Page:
The combination of the current economic context, and the reality of global megatrends, shapes a few key principles that drive future economic development in Botswana with a view to creating sustainable jobs and economic activity. These principles are:
• Focus on sectors where Botswana can build global competitiveness at scale to stand out from other countries, both on the continent and beyond:
Select very focused sectors to signal clear intent to the local and global investment and talent market, and to concentrate government resources in building world class capabilities and scale; Focus on sectors where Botswana has continuing advantages due to being more advanced than other African countries (financial services) or having resources that can only be exploited locally (diamonds and mining, tourism and agriculture). These align with sectors Government has indicated but is doing little to pursue with aggression;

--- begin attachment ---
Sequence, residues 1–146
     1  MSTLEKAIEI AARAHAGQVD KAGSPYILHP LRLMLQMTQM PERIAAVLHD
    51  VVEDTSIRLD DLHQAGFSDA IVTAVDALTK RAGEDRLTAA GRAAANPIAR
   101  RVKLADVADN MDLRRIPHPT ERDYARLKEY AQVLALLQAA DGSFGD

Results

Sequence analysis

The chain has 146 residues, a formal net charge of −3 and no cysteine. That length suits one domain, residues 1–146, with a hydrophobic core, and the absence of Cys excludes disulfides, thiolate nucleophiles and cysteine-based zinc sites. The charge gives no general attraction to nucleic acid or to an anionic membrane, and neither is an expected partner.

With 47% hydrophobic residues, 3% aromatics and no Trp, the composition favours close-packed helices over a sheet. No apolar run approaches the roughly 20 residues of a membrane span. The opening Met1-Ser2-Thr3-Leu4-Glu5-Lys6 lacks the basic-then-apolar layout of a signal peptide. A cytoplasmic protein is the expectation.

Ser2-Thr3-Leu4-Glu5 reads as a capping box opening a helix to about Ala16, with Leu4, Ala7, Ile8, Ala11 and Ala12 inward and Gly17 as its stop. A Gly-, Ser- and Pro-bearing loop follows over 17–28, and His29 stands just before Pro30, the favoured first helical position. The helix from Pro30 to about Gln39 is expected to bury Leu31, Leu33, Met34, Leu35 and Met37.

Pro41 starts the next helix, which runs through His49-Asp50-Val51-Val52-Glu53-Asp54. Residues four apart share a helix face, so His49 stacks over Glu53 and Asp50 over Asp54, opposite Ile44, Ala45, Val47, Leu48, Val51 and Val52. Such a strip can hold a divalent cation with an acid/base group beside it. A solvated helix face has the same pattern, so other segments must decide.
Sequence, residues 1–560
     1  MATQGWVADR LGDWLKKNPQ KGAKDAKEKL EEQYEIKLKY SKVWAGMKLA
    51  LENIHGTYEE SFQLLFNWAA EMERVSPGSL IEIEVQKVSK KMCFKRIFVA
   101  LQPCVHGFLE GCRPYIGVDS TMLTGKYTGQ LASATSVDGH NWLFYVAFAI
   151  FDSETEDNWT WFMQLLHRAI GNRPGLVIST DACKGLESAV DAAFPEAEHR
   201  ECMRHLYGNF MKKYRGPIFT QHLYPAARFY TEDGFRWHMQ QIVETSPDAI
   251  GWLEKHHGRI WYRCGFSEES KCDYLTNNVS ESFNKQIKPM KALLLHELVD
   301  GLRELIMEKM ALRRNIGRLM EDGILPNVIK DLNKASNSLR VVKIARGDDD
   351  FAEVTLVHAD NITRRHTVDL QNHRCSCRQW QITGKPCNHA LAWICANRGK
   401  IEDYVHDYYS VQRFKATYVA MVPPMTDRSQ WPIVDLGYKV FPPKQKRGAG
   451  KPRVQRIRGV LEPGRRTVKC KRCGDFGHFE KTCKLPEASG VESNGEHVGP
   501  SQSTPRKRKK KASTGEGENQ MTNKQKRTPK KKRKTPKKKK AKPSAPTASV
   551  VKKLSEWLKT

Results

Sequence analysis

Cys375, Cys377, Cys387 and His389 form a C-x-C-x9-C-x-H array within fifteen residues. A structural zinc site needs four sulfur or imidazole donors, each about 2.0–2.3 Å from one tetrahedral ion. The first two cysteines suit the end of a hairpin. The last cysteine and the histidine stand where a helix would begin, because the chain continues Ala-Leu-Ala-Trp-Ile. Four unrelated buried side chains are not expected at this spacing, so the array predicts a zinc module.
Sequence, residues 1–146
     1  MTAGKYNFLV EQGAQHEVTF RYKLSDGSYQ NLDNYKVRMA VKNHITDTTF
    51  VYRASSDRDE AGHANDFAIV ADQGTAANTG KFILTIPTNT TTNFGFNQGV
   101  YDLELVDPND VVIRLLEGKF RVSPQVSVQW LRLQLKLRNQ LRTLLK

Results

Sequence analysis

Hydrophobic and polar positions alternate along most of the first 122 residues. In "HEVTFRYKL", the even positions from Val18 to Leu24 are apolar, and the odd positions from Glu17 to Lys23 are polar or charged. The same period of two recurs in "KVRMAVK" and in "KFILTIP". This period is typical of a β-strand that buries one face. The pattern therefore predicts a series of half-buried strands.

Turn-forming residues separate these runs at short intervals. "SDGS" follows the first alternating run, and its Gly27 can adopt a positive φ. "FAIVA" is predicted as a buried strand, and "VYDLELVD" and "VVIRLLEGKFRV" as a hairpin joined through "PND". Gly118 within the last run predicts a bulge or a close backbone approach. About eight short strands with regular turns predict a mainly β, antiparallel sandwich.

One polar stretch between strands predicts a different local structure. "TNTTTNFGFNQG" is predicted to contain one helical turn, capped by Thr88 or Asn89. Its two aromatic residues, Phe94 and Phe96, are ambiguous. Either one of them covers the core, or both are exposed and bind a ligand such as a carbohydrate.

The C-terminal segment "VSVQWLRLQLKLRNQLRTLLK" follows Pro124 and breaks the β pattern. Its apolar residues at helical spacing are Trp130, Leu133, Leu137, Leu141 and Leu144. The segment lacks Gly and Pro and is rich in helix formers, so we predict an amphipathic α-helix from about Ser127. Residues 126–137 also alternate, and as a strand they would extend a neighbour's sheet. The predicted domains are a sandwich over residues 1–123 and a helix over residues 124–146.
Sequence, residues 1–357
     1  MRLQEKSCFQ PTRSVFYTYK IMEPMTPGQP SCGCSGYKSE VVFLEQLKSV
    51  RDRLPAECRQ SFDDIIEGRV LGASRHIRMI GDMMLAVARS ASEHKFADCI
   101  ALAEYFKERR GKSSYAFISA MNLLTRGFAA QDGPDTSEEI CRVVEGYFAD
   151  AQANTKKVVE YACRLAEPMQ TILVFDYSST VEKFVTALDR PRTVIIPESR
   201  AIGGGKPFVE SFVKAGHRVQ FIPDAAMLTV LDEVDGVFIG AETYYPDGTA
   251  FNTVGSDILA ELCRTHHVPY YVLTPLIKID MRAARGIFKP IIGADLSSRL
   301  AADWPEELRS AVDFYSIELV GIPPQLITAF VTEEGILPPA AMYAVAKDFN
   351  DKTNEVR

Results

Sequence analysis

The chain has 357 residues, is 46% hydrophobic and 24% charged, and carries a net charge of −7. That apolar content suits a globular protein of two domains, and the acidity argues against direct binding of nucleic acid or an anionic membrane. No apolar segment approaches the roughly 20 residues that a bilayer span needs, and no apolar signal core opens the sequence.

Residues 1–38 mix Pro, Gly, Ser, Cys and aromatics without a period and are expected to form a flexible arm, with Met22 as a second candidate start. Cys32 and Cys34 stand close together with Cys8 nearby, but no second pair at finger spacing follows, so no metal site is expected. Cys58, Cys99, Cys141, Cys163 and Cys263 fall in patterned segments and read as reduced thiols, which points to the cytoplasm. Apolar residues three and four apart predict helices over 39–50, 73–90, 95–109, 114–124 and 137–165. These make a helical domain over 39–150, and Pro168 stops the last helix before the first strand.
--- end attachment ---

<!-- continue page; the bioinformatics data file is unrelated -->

• Build and attract globally competitive

Align talent development with these four focus sectors: including university training, technical training, vocational training and trainee/internship programmes. (We had proposed amendments to NDP 11 to augment development expenditure in this area by a significant amount). Build a talent path to support these sectors, that includes the aforementioned skills development, clear targets for foreign labour participation (skills and capabilities) and localization targets;

• Create a competitive business environment that keeps pace with rapidly changing technology and innovation